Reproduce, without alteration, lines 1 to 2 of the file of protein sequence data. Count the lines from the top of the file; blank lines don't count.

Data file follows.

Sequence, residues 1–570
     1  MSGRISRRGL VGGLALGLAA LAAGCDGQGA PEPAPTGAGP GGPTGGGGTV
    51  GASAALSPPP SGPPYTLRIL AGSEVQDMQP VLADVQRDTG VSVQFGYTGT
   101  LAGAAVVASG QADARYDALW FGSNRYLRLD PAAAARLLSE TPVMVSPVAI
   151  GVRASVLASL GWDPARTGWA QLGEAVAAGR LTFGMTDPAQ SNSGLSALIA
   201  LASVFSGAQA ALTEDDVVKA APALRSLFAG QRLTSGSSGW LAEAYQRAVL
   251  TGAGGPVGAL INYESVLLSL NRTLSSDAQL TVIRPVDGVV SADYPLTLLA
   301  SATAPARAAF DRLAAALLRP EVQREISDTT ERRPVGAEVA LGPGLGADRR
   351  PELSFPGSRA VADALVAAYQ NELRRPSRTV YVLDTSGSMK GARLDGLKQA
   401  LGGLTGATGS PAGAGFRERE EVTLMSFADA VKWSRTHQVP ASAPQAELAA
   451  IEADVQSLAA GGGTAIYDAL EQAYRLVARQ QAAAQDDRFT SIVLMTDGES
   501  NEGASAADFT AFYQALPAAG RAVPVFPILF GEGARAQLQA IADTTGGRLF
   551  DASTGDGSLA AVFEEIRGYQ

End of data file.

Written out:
Sequence, residues 1–570
     1  MSGRISRRGL VGGLALGLAA LAAGCDGQGA PEPAPTGAGP GGPTGGGGTV